- When fibroids reach the size of a grapefruit, there is a rare association with blood clots in the lungs, which can be deadly. (i)
- Rapidly growing large fibroids may be a sign of a rare cancerous form of fibroid, called a leiomyosarcoma. This type of tumor can’t be differentiated from a non-cancerous (benign) fibroid using ultrasound, MRI, or other imaging studies. However, this type of fibroid only occurs in less than 1percent of uterine fibroids, and these cancerous tumors are not believed to grow from a benign fibroid. (ii)
Treatment Options for Uterine Fibroids
There are several uterine fibroid treatment options:
- Uterine fibroid embolization (UFE) uses tiny particles about the size of sugar crystals that are injected into the blood vessels that lead to the uterus. The particles block the flow of blood to the fibroid, causing it to shrink and die. This minimally invasive procedure can be performed by an interventional radiologist on an outpatient basis. It doesn’t require open surgery and offers relief of symptoms with fewer risks, less pain, and a faster recovery compared to surgical procedures.
- Magnetic resonance imaging-guided (MRI) ultrasound surgery uses ultrasound waves to destroy fibroids. Waves are directed at the fibroids through the skin with the help of magnetic resonance imaging.
- Endometrial ablation destroys the lining of the uterus. This procedure is best for small fibroids that are less than 3 centimeters in diameter. (v)
- Hysterectomy is the surgical removal of the uterus. Because this surgery removes the fibroids along with the uterus, there is no chance of becoming pregnant after undergoing a hysterectomy.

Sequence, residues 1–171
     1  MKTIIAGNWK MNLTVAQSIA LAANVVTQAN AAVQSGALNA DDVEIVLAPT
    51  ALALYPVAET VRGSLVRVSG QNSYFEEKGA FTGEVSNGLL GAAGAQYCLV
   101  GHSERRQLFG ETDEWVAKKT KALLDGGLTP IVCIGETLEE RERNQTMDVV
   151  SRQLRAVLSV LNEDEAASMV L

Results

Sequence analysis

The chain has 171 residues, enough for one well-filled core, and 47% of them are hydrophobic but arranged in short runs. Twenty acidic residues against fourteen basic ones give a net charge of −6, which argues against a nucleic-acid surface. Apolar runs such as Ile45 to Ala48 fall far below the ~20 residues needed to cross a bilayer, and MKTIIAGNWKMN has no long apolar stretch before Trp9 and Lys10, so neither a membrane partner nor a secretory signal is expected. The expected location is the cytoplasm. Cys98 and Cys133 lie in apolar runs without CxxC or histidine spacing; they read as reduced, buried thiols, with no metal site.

- Myomectomy is another surgical option to remove all types of fibroids. There are three approaches to performing a myomectomy: hysteroscopy, laparotomy, and laparoscopy.
Talk to your healthcare provider about the various uterine fibroid treatment options so that you fully understand the risks associated with surgery, as well as the benefits of a minimally invasive alternative treatment such as uterine fibroid embolization.
Do you think you’re a candidate for UFE? Download our free information sheet Understanding Uterine Fibroid Embolization to learn more or call 844-UFE-CARE (833-2273) to schedule an appointment with a vascular specialist.
(i) Bradley, J. G., MD. (2011, June 22). _Uterine Fibroids. Retrieved June 15, 2018, from http://www.obgyn.net/laparoscopy/uterine-fibroids
(ii) Stöppler, M. C., MD. (2018, February 28). Uterine Fibroids Symptoms, Treatment, Pictures, Causes, Surgery. Retrieved July 3, 2018, from https://www.medicinenet.com/uterine_fibroids/article.htm#uterine_fibroids_definition_and_facts
(iii) Brigham and Women’s Hospital. (n.d.). About Uterine Fibroids. Retrieved June 15, 2018, from http://www.fibroids.net/fibroids.html
(iv) Bora, A., Prasad, M., & Gupta, A. (2017). Large Degenerated Broad Ligament Fibroid. _Journal of Postgraduate Gynecology & Obstetrics, 4(1). Retrieved July 5, 2018, from http://webcache.googleusercontent.com/search?q=cache:8Joo72tk2HAJ:www.jpgo.org/2017/01/large-degenerated-broad-ligament-fibroid.html+&cd=1&hl=en&ct=clnk&gl=us
(v) American College of Obstetricians and Gynecologists. (2011, May). Women’s Health Care Physicians. Retrieved June 17, 2018 from https://www.acog.org/Patients/FAQs/Uterine-Fibroids